A gastric chief cell (or peptic cell, or gastric zymogenic cell) is a type of cell in the stomach that releases pepsinogen and gastric lipase and is the cell responsible for secretion of chymosin in ruminants. The cell stains basophilic upon H&E staining due to the large proportion of rough endoplasmic reticulum in its cytoplasm. Gastric chief cells are generally located deep in the mucosal layer of the stomach lining.
The terms chief cell and zymogenic cell are often used without the word "gastric" to name this type of cell. However those terms can also be used to describe other cell types (for example, parathyroid chief cells). Chief cells are also known as peptic cells.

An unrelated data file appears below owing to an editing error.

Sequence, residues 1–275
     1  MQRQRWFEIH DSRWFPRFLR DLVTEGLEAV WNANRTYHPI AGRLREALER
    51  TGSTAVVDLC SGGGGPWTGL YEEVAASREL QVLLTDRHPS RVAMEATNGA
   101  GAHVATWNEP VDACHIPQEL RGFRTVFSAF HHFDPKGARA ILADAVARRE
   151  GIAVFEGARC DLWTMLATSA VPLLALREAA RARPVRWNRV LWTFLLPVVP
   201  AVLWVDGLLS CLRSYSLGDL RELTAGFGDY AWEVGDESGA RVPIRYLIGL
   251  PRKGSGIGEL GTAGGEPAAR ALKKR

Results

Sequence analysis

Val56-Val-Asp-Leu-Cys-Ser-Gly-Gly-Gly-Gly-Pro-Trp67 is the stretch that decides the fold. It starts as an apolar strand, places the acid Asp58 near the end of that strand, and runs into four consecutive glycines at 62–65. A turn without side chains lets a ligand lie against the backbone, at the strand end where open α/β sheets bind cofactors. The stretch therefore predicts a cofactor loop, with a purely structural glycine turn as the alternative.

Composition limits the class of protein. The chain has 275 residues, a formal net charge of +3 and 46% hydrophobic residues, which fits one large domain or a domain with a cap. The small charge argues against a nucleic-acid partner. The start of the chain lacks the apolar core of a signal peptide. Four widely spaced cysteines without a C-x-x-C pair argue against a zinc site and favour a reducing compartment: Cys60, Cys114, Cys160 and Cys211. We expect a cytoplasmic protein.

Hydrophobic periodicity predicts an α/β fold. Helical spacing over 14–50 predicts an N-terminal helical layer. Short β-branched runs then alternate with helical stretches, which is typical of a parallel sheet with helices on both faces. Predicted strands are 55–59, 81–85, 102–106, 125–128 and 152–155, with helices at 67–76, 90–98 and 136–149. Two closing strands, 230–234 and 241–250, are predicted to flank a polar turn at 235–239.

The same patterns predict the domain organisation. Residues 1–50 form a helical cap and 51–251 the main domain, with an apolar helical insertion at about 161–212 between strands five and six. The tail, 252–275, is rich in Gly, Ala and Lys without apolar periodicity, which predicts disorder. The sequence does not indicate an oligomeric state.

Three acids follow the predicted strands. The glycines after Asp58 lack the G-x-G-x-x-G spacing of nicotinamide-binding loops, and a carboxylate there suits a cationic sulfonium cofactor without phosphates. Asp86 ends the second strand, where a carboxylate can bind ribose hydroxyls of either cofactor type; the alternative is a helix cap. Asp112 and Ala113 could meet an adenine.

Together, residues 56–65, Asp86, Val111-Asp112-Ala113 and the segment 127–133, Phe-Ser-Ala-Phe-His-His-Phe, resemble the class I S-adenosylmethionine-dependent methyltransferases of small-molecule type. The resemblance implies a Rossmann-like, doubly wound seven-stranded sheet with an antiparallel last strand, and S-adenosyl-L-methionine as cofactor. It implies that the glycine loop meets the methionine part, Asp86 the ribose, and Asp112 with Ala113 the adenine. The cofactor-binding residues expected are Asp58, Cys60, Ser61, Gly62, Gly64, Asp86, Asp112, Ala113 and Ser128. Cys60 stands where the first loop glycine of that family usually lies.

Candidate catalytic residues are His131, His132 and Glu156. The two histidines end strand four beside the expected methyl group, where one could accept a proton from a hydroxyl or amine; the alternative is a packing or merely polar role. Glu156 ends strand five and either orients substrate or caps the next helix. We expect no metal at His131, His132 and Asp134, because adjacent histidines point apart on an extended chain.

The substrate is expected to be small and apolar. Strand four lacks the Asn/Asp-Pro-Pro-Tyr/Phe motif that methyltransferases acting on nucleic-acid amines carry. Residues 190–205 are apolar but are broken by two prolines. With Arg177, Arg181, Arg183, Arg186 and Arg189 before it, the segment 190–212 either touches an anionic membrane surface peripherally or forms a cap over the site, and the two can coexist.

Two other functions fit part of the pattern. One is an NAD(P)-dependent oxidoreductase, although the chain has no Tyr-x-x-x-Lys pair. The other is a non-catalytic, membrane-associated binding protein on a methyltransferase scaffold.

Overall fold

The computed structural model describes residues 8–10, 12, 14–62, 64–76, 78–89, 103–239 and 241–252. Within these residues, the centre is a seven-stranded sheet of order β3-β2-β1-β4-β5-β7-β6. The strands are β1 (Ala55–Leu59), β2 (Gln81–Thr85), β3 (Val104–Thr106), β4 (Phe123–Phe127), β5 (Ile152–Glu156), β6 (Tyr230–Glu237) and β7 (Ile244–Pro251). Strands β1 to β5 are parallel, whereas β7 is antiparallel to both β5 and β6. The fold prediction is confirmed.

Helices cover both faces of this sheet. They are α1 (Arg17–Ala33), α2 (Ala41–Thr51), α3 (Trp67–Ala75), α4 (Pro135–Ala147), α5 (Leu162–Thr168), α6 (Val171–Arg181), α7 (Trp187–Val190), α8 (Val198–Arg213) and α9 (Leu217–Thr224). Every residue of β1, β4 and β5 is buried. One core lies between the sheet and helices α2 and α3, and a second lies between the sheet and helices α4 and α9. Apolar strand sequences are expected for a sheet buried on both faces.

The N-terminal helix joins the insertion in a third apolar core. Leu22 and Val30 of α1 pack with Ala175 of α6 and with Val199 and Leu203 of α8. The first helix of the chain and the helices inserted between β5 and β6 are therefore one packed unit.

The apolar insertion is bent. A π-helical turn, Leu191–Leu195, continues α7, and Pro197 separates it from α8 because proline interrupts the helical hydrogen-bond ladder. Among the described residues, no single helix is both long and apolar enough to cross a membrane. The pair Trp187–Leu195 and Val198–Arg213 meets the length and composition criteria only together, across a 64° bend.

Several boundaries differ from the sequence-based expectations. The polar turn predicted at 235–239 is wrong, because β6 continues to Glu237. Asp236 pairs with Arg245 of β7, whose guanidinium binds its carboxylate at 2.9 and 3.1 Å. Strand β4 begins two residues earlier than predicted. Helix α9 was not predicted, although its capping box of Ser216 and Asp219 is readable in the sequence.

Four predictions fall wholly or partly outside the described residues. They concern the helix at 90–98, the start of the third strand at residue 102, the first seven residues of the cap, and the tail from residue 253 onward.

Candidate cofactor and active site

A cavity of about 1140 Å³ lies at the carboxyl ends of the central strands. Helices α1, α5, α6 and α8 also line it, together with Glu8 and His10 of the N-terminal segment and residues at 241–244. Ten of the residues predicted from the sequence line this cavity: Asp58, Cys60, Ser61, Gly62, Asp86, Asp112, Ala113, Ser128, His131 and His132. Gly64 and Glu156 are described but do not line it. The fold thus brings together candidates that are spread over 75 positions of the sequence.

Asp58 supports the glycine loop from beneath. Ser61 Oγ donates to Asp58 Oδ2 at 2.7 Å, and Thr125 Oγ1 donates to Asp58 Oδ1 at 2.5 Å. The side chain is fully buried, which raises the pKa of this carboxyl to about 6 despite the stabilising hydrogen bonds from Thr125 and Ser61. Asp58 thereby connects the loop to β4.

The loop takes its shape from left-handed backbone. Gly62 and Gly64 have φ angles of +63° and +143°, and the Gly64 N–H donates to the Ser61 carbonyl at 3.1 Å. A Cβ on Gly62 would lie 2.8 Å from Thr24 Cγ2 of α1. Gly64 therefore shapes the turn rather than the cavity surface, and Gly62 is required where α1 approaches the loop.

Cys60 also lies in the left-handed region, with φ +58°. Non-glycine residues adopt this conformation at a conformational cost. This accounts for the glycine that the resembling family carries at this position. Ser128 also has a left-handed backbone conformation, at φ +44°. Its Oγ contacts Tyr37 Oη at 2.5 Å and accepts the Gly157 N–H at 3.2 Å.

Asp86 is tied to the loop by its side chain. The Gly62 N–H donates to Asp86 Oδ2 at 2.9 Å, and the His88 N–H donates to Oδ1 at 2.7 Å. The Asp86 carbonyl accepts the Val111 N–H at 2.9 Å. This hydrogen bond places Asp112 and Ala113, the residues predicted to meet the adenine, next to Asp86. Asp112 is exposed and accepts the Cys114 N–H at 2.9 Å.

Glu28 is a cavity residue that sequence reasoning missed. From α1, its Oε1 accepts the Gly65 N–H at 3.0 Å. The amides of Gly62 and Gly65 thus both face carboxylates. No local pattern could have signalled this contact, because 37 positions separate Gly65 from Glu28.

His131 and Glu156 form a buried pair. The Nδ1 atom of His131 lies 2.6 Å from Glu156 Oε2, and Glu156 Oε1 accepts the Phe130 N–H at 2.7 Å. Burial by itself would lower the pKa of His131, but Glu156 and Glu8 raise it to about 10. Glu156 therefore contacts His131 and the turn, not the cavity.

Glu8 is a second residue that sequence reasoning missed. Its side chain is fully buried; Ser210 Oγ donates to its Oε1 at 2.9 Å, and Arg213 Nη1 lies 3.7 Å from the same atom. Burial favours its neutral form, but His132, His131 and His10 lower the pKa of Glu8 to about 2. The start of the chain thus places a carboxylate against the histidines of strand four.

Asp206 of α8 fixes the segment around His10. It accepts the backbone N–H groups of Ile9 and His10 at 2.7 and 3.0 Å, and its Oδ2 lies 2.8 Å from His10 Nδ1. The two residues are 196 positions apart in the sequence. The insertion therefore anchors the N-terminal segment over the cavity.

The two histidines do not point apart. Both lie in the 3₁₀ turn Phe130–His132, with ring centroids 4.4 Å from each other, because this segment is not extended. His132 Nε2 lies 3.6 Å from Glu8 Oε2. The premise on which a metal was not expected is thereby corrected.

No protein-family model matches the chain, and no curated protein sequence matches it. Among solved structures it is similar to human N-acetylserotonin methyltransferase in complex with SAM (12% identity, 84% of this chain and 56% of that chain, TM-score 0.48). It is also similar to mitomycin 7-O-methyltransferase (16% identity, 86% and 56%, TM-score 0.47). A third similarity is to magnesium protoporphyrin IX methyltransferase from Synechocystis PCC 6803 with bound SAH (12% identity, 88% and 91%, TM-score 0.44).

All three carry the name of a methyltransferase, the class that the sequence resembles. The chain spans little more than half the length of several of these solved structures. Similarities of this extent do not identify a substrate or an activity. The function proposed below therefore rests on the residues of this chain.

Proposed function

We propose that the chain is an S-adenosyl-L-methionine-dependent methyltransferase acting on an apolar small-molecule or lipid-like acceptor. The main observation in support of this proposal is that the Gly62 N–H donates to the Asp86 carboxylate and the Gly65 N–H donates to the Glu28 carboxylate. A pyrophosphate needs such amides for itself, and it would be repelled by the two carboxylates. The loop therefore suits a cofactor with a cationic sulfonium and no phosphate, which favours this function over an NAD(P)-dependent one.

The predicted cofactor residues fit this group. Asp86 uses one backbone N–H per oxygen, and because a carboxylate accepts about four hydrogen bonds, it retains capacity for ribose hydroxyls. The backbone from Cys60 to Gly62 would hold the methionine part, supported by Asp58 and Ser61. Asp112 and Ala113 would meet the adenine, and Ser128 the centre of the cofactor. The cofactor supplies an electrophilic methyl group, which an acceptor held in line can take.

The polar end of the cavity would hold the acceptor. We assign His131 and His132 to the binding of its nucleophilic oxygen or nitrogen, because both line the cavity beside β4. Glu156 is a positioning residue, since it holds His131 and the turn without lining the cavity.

^Kitamura, N.; A. Tanimote, E. Hondo, A. Andren D.F. Cottrell, M. Sasaki, and J. Yamada. (2001). "Immunohistochemical study of the ontogeny of prochymosin--and pepsinogen-producing cells in the abomasum of sheep". Anatomia, Histologia, Embryologia.30 (4): 231–235. doi:10.1046/j.1439-0264.2001.00326.x. PMID11534329.Cite uses deprecated parameter |coauthors= (help);|accessdate= requires |url= (help)